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RIM doth protest too much: the earnings call breakdown

RIM doth protest too much: the earnings call breakdown

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We just listened in to RIM's quarterly earnings call to see what co-CEOs Jim Balsillie and Mike Lazaridis had to say about the their disappointing financial numbers, product delays, and layoffs coming later this year. The feisty CEOs mentioned several times that people "on the outside" might not really understand what's going on inside RIM, so they laid it all out for us, citing a very familiar-sounding "transition period." Sounding more than ever like the Palm of yesteryear, they defended RIM's past and future strategy - one that is looking just as dubious now as it did during Blackberry World last month.

The biggest question on many minds has been the progression of the BlackBerry smartphone - even with the improvements they're bringing to BlackBerry 7 it looks decidedly behind-the-times when compared to Android or iOS. They defended not making a "hard cut over" to the QNX platform, saying that making the switch earlier was impossible anyway because the dual-core processors they need are just now hitting the market. Mike Lazaridis said that it would have caused a "product void for most of 2012." We're assuming he meant 2011 there (update: probably referring to RIM's fiscal 2012), but the implication was clear: RIM is definitely committed to delivering BlackBerry 7 smartphones for the foreseeable future. In fact, in response to a later question, it looks like RIM will keep BB7 phones on the market on the low end when they start selling high-end "superphones" based on QNX in the first quarter of 2012.

If you haven't heard, those BlackBerry 7 phones (most importantly the BlackBerry Bold 9900 and 9930) won't be hitting until late August. RIM contends that BB7 is such a majorly new platform that it's taking longer to get through certification than expected. Mike Lazaridis:

We were already well down a development path to the next-generation BlackBerry handsets when we realized that in the US the features and performance arms race demanded that we upgrade the chipset and port BlackBerry to a higher-performance platform. This was an engineering change that affected hardware and software timelines and pushed out entry into carrier certification labs.

It's not clear when RIM had this sudden realization, but whenever it was it probably wasn't soon enough. That's setting aside the fact that what we've seen of BB7 to date, it doesn't seem that radically new to us, but RIM held the line on that explanation pretty firmly. As for the delay of 4G-enabled BlackBerry PlayBooks to the fall, no explanation was given. Oh, and while RIM reported 500,000 PlayBooks shipped, they refused to talk specifics on actual sell through numbers.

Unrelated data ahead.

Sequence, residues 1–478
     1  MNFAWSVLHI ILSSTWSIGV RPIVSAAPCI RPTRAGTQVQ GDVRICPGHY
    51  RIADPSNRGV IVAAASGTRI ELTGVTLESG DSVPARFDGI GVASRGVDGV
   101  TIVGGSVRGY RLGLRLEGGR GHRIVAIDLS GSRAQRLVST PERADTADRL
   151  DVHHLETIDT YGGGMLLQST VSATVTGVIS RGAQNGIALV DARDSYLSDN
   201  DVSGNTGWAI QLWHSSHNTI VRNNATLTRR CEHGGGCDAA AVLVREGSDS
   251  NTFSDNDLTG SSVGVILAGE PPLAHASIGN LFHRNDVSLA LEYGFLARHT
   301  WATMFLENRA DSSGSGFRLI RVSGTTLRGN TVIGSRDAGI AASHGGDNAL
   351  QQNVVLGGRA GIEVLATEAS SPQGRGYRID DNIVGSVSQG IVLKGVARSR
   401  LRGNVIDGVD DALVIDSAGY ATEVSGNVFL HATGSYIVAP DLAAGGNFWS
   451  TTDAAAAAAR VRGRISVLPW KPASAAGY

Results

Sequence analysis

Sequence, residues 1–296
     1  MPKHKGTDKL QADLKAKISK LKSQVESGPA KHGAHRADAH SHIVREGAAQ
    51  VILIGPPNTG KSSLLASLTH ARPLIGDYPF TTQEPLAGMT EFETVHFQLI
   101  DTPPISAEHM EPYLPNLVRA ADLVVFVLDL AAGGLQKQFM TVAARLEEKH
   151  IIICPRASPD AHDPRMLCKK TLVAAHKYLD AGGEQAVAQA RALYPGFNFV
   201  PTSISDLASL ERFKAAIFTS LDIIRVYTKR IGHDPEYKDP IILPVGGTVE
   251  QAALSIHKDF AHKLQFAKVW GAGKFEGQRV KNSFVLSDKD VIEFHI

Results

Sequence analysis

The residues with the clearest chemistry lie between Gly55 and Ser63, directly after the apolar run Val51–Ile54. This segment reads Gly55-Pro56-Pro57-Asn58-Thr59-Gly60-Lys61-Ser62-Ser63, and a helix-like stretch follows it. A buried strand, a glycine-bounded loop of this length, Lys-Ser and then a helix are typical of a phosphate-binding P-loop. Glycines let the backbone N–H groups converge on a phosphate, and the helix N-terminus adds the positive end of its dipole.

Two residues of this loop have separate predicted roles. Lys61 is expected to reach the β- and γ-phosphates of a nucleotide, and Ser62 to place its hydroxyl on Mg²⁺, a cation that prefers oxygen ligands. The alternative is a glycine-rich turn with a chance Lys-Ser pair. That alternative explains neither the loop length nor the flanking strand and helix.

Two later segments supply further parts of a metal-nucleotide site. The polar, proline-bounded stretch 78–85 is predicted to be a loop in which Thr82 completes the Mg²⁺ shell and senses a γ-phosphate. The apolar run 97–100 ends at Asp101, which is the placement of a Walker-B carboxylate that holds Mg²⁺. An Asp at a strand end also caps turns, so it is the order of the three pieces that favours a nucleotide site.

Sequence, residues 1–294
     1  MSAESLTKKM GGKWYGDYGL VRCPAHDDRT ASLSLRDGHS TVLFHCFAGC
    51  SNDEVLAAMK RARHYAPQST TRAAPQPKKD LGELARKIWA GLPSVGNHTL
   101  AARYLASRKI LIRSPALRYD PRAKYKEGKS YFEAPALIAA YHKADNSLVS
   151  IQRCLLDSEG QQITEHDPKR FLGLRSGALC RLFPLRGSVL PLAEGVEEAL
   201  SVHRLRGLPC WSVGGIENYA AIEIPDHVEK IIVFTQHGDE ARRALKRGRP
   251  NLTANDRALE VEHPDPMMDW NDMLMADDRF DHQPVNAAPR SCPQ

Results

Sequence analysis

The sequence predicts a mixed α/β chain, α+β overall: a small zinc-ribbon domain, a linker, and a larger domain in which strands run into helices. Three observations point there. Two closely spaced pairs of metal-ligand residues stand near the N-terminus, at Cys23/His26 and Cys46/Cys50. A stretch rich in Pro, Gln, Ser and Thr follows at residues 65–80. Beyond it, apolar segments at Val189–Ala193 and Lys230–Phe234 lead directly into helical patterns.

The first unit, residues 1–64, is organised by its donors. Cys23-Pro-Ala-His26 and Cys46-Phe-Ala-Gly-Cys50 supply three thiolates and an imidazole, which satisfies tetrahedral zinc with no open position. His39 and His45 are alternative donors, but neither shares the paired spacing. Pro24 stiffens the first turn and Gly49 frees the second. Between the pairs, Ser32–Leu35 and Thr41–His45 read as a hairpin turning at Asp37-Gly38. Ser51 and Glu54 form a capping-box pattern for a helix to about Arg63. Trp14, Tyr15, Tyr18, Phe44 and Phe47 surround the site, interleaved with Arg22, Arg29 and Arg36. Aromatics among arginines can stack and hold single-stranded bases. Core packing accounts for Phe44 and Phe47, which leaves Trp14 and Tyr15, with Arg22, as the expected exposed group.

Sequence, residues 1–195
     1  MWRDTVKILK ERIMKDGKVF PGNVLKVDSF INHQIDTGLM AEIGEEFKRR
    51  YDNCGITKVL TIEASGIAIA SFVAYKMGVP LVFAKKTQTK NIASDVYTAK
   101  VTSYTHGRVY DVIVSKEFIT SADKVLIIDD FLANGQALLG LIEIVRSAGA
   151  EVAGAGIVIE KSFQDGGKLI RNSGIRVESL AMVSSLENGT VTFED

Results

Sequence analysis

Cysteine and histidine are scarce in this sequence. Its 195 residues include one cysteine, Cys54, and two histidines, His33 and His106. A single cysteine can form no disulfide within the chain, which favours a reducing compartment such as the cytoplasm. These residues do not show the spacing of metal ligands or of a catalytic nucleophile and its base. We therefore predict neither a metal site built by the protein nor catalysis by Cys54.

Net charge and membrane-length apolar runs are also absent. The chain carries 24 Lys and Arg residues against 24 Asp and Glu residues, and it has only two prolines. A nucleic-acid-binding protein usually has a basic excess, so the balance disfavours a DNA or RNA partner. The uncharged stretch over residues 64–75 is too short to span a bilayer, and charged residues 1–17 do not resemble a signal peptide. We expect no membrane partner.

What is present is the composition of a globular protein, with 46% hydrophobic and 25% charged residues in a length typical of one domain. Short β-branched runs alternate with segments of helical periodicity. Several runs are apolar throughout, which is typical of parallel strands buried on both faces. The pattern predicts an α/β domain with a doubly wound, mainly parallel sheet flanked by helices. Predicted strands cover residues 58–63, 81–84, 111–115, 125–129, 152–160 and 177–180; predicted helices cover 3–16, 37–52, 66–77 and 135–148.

As far as RIM the company is concerned, Balsillie and Lazaridis refused to characterize the impending layoffs as a "restructuring" or a "reorganization." Instead they said that the company has grown so fast so quickly that it's only natural for them to make cuts right now. That may well be true, but announcing them alongside new guidance that suggest a 20 percent cut in share price certainly makes one wonder if that's the whole story.

One more thing absolutely isn't getting reorganized: the dual-CEO setup RIM has had for many years. Balsillie and Lazaridis have clearly heard calls from investors and analysts to change how they run things and they are having none of it, going so far as to dare somebody to suggest outside leadership could help:

Neither of us could have taken the company this far alone and that completing the transition and taking the company to the next level of success and growth is also something neither of us can do alone. It's something that would be incredibly challenging to someone from outside the company to manage successfully at this critical time in RIM's development.

RIM and its two CEOs have never been much for speaking with humility and while the poor quarters behind them and ahead of them have leavened their tone a bit, it still feels like there's a significant disconnect between the realities of the market and the company's rhetoric.

Mike Lazaridis said today "We also understand that RIM has taken a unique path and why we do things the way we do may not be obvious from the outside" - no Mike, it's not. RIM's current strategy is to continue to string along the current BlackBerry OS while trying to ramp up a still-not-really-finished QNX platform on the Playbook. Even if you accept their argument that this is the right play, "on the outside" the product delays and lowered guidance reveal a company that's not well positioned to compete in the short term. However, it's a long game as RIM (once again echoing Palm) stressed: "we're still at very early beginnings in this whole smartphone revolution." Just because it's "early beginnings" doesn't mean that RIM has the luxury of time - they can't let any more product delays happen. We've been watching Palm sit in a near-perpetual "transition period" for four or five years now and that's not something even the once-mighty RIM can afford.